Cambridge and Districts
THE CAMBRIDGE & DISTRICTS PIPE BAND
ABOUT THE “BAND”
Since before WWII there has been a Pipe Band in Cambridge.
In those early days the band was associated with the Cambridge Caledonian Society which no longer exists.
During WWII the band went into recess but was restarted in 1947. When it reformed the band took the current name.
The three decades following WWII were the heyday period for Pipe Bands when almost every significant town in the Waikato, Bay of Plenty and King Country had a pipe band. Waihi, Tauranga (3), Te Puke, Whakatane, Rotorua, Taupo, Paeroa/Te Aroha, Matamata,Tokoroa/Putaruru, Taumarunui, Te Kuiti, Otorohanga, Te Awamutu, Raglan, Huntly, Ngaruawahia, Morrinsville, Cambridge, and Hamilton (2). Some remain. Thames Valley (Paeroa), Tauranga, Te Puke, Rotorua, Te Kuiti, Te Awamutu, Raglan, Hamilton (3) and Cambridge.
The Cambridge & Districts Pipe Band performed at numerous competitions, A&P Shows, community events and parades. To-day the band is less competition oriented and A&P Shows are less important as fewer people work in agriculture. However the band still fulfills an important community role. We are always present on ANZAC Day Parade and at the Armistice Remembrance Day ceremony. We perform monthly during every Lions’ Trash and Treasure Market Day – weather permitting, and pay regular Christmas visits to old folks homes in our district. Parades like those for returning Olympians and sporting Champions are another type of event the band adds colour and ceremony to.
Our band provides a healthy challenging past-time. The challenge of mastering one of the oldest types of musical instruments is still taken up by interested people of all ages.
Cambridge is a rural services town
21 km to the ESE of Hamilton city. Located at the farthest
navigable upriver position on the Waikato River (NZ's longest
river) it was settled early in NZ's settlement days. The town is
characterised by many mature trees such as oaks and planes, and
redwoods. It has a grassed "village" square surrounded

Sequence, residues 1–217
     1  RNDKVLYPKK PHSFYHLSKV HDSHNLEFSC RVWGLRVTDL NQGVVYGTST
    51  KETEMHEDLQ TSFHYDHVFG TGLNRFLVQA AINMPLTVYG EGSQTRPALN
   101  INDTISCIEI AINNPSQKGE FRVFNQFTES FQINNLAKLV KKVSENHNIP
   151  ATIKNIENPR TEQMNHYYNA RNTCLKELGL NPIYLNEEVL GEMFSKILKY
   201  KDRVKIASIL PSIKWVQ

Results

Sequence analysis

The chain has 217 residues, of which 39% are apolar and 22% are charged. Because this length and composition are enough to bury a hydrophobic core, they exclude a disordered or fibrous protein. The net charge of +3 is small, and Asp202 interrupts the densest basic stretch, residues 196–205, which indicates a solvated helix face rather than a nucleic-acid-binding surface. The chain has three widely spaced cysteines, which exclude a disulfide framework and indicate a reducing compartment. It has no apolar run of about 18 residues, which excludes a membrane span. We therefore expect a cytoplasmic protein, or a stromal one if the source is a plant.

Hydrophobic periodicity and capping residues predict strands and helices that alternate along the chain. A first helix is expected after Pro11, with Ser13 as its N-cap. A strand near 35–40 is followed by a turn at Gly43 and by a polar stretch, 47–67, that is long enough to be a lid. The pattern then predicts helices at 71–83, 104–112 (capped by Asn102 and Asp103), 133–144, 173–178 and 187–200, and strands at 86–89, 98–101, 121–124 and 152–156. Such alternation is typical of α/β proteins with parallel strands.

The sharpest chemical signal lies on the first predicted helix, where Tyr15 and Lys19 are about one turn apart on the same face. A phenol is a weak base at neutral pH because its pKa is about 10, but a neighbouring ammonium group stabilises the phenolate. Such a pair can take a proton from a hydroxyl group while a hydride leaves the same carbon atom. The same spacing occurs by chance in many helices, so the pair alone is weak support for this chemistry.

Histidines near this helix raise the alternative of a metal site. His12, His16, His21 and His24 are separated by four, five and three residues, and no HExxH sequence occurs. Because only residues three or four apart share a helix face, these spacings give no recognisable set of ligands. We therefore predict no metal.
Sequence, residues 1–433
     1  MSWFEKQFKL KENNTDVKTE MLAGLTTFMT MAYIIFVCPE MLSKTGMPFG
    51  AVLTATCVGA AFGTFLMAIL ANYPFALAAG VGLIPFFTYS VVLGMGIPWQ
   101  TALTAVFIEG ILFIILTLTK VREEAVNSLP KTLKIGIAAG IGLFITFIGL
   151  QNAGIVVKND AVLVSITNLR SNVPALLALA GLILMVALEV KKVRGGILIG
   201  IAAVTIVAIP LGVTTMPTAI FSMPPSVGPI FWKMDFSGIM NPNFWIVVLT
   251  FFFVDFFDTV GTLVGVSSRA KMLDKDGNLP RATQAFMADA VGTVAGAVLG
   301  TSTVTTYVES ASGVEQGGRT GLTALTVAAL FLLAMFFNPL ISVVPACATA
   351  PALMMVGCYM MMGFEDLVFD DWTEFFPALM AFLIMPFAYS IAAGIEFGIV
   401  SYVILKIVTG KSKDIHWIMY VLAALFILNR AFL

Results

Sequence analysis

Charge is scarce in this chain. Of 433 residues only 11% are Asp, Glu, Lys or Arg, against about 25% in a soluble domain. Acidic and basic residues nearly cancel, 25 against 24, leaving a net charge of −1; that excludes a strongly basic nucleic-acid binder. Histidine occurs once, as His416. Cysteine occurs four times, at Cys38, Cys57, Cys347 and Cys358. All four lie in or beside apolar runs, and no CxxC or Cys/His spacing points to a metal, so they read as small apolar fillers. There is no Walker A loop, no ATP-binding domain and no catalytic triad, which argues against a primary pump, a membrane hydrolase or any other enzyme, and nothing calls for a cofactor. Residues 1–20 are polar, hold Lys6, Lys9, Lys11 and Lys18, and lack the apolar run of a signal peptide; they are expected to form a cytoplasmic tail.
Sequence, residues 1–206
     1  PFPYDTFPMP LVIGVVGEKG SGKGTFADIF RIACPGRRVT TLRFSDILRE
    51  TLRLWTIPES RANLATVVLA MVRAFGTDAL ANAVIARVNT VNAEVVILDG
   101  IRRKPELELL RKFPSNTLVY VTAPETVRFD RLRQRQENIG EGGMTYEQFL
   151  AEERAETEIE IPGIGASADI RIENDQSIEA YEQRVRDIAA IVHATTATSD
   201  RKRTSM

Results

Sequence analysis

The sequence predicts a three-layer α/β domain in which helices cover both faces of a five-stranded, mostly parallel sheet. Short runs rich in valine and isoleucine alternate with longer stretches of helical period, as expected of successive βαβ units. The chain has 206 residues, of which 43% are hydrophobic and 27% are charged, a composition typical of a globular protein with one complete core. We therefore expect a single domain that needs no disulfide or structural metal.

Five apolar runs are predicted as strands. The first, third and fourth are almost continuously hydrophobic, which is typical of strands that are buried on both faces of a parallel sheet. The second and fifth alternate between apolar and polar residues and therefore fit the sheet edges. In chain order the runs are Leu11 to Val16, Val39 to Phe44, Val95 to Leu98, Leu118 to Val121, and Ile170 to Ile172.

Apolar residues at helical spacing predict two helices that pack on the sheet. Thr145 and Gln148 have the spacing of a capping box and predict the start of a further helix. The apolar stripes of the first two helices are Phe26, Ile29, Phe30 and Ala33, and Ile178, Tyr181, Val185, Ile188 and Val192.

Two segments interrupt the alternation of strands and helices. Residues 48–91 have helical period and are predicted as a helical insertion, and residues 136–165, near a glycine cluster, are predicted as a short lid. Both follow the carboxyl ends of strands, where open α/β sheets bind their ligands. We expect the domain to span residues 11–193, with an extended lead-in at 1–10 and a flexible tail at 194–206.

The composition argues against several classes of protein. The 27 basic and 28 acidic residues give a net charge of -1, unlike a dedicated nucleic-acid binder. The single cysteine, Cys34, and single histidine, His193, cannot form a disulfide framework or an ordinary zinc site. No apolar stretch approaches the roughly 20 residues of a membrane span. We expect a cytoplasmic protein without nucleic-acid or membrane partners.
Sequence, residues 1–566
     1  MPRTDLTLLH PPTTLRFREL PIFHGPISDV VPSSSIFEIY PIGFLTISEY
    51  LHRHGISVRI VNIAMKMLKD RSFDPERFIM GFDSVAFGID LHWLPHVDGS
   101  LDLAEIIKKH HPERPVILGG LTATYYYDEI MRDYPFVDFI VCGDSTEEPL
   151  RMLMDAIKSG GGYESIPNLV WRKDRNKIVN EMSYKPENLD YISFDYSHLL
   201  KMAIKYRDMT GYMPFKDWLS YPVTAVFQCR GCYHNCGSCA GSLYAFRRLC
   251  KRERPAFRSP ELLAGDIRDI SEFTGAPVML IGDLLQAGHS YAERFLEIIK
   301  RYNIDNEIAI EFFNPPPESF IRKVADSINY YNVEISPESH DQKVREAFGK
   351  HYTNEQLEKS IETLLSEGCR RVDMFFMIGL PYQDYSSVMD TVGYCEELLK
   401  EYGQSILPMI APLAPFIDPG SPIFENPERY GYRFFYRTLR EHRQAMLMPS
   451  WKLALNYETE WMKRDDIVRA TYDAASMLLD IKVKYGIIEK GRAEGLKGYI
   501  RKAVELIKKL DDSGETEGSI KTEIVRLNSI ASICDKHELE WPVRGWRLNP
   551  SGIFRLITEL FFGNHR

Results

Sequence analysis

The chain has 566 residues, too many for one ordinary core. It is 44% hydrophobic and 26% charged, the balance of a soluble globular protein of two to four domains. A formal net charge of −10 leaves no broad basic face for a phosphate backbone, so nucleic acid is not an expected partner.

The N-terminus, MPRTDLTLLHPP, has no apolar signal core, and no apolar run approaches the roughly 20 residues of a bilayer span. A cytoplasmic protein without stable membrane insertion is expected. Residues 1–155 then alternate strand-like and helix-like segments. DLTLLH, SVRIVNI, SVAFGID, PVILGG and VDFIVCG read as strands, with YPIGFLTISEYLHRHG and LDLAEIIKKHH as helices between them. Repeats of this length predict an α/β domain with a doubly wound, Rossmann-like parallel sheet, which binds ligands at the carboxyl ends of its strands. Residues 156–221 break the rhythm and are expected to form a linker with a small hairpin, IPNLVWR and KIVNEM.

by mature trees, with plenty of parkland and facilities. The town
centre retains a village atmosphere and the district is one of
the main NZ equestrian centres.
Band practice night: Thursday evenings, 7.30pm-9.30pm
Location: Cambridge Municipal band rooms, Vogel Park, Vogel St.
Tuition: is available for learning the bagpipes, and drums.
Contacts: See contact details at the bottom of this page.
|A late '80's photo Leading the
ANZAC Day Parade
Right: A photo taken outside the band rooms we share with the Cambridge Municipal Band.
Though not currently an actively competing
pipe band we are currently regaining strength. We have a more social
playing agenda. Our primary playout is a regular monthly (2nd Sunday
of each month) playout on the Cambridge Lion's Market Day. We have
now performed at this so regularly that our contribution is part
of the market day culture. We also play at old folks homes around
Cambridge and are prominently involved with ANZAC Day and the
Cambridge Armistice Remembrance Day Parade each year. We actively
support and participate in Clan Gatherings around the Waikato region
and take part in Tattoos and also the informal competitions held in
various towns. A film involvement (Nov.2000).
If you're in the Waikato, like browsing through market stalls and enjoy pipe music, why not make a visit to the Cambridge Lion's Market Day (2nd Sunday each month 9am - 1pm). The band plays between 10.30 am and noon.
The band also gets involved with impromtu community parades for various Cambridge entities that do so well in sporting activities. In September 2004 the band, along with a couple of guest drummers, lead the Cambridge welcoming parade for the three Gold Medal Olympians who are based locally. The Evers-Swindell twin sisters who won Gold for rowing, and Sarah Ulmer who won Gold in cycling. This was a mid-week middle of the day parade and the band was well supported by members taking time off work. This was an exceptional occasion and the band is grateful to members and their employers, for the support given. More recently the band also fielded a strong show for the returning 2008 Olympians parade. More medals to the regions sporting efforts. Our region does well.
The Clan Gatherings are basically
an afternoon get to gether of folk from various Scottish Clans.
One Clan (or a startup Clan group of a Clan not previously present
in the Waikato / Bay Of Plenty / King Country region) acts as the
host Clan. The day starts with a parade of Clans and tartans, lead
by any piper's and drummers present. The Jacobite period group Clan
Alba parade in old sttyle gear and conduct a mock battle and
demonstrate a highland charge. Folk then move indoors and Clan